"He was genuinely one of the funniest people I have ever met ... whether he was trying to be or not," A.J. Frey said of his former teammate and friend, who passed away this weekend at the age of 28.
Frey played alongside Pollio, a graduate, on Hofstra University's club roller hockey team for three seasons, from 2002 to 2004.
During that time, the Pride beat some of the best teams in the country to earn its first invitation to the 2005 Division II College Roller Hockey National Tournament in Fort Collins, Colorado and "sent rumblings through hockey locker rooms from Bangor down to Miami and across to Reno" when they made it to the Elite Eight, according to an article penned by Pollio's father, Ralph, at the time. In it, he wrote, "Everybody was talking about the unlikely Regional Champs -- the little-known team with the big heart and the swift skates."
"Chris was a major part of that team," said Frey, then the Pride's captain."While it wasn't his best season, there's no way we would have gone as far as we had without him."
"[He] was a selfless teammate on skates," Linda Knox, a Smithtown native and 2006 Hofstra graduate recalled of Pollio's playing style.
Off the rink, she says, he was "a true friend since the day I met him ... a gentle soul with a million dollar smile who you could always count on for a laugh or one more dance on a Saturday night."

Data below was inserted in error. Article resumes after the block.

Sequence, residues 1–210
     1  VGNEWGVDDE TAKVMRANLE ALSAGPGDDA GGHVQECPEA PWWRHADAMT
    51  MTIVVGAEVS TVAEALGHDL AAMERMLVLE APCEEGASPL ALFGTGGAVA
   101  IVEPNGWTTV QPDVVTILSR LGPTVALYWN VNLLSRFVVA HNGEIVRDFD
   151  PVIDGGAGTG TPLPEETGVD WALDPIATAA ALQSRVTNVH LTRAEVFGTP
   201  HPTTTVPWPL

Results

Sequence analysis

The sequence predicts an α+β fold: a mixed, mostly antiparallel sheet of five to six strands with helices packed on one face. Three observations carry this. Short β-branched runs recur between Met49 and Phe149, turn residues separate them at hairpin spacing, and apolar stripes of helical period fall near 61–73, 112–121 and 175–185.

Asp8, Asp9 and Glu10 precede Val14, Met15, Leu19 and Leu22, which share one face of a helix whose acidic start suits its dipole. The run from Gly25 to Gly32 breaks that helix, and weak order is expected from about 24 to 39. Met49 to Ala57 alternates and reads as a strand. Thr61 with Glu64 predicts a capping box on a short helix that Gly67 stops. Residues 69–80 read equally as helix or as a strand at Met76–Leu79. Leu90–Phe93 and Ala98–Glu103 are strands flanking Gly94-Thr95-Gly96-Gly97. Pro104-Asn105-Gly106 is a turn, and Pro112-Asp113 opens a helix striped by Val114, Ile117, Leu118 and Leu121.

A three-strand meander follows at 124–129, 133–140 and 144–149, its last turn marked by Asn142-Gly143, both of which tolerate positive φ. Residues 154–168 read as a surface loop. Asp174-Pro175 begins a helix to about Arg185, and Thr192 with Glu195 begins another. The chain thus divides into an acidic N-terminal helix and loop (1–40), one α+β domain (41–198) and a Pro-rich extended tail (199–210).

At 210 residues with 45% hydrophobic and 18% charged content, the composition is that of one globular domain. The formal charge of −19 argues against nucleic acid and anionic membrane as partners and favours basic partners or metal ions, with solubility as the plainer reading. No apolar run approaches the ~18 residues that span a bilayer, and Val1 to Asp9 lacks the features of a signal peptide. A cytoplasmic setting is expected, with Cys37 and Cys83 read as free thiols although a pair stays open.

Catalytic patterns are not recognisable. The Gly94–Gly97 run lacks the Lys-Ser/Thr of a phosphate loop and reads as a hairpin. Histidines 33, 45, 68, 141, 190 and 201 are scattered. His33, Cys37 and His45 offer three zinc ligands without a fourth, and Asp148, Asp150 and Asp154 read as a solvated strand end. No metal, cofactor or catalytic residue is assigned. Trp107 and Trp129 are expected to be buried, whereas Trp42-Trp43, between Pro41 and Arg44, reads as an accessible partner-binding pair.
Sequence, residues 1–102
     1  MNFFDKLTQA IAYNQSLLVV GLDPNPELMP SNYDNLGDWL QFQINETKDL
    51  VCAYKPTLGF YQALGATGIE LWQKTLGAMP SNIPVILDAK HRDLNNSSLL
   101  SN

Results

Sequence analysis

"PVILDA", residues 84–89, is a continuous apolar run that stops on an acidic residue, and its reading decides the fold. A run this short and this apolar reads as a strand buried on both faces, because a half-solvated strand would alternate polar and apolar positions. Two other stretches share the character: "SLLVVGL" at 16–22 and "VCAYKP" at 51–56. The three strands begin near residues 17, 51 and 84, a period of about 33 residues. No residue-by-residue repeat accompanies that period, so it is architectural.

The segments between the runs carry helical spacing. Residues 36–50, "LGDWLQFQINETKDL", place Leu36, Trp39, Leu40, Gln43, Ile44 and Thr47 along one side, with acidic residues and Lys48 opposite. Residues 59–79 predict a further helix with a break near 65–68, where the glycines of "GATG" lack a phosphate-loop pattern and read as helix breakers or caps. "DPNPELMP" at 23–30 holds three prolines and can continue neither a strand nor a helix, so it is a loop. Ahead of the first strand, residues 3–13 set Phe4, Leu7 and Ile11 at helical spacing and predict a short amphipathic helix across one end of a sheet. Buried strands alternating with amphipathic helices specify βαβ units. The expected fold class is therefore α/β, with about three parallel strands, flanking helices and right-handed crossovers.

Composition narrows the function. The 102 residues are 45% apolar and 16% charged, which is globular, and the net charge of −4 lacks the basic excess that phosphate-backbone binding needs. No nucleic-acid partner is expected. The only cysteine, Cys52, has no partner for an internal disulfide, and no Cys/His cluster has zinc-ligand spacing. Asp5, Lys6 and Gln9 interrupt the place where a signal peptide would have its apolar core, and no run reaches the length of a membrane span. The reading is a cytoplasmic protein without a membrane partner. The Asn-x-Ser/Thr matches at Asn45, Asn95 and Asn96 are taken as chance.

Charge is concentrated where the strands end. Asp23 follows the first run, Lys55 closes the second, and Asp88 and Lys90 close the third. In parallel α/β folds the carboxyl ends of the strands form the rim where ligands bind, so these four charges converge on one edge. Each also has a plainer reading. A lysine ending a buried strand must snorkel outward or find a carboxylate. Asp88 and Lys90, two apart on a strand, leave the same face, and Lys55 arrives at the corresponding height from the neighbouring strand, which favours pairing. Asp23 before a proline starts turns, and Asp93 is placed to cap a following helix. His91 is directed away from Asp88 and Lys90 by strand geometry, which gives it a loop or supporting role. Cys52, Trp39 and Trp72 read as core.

It's that smile and Pollio's sense of humor that his friends remember most now in the wake of his sudden death just weeks shy of his 29th birthday. (The exact cause is not known, but friends said he had been battling some serious personal issues for years.)
"His infectious smile and bubbly personality could light up a room," said Paul Yip, a close friend of Pollio who remembers when he was voted "funniest" in his
eighth grade class.
"He was always a funny kid. We always had a lot of fun," said Lakeview resident Freddy Senti, who hung out with Pollio in high school and played hockey with him growing up. "We had lost touch a little but were still friends. It's a shame what happened cause everyone thought he was on the road to recovery."
"He had a certain way about him, not being able to take some of the most serious situations seriously, and would come out with a one-liner that would just crack the mood and make everyone smile," Frey recalled.
But he was more than just a jock and a jokester, Yip said of his friend, explaining that he was also very smart, having earned a four-year academic scholarship to Hofstra, sensitive and kind.
"Always attuned to the moods of others, and capable of cheering people up," Yip said Pollio would often show up unannounced to cook breakfast, "even when his own mood wasn’t the greatest."
"What I also know is how much I’m going to miss him," Yip added. "His death at the age of 28 is tragic for me and for all his friends – and for those
who’ll never have the chance to know him as we did."
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